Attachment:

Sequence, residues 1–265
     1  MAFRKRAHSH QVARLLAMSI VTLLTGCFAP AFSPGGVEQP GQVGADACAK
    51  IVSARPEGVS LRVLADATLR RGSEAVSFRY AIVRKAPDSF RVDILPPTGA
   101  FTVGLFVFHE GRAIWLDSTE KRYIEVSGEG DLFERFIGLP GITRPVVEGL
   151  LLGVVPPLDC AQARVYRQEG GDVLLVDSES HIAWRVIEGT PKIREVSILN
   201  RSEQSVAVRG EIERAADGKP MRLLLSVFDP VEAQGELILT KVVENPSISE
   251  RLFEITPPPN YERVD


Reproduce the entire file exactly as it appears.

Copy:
Sequence, residues 1–265
     1  MAFRKRAHSH QVARLLAMSI VTLLTGCFAP AFSPGGVEQP GQVGADACAK
    51  IVSARPEGVS LRVLADATLR RGSEAVSFRY AIVRKAPDSF RVDILPPTGA
   101  FTVGLFVFHE GRAIWLDSTE KRYIEVSGEG DLFERFIGLP GITRPVVEGL
   151  LLGVVPPLDC AQARVYRQEG GDVLLVDSES HIAWRVIEGT PKIREVSILN
   201  RSEQSVAVRG EIERAADGKP MRLLLSVFDP VEAQGELILT KVVENPSISE
   251  RLFEITPPPN YERVD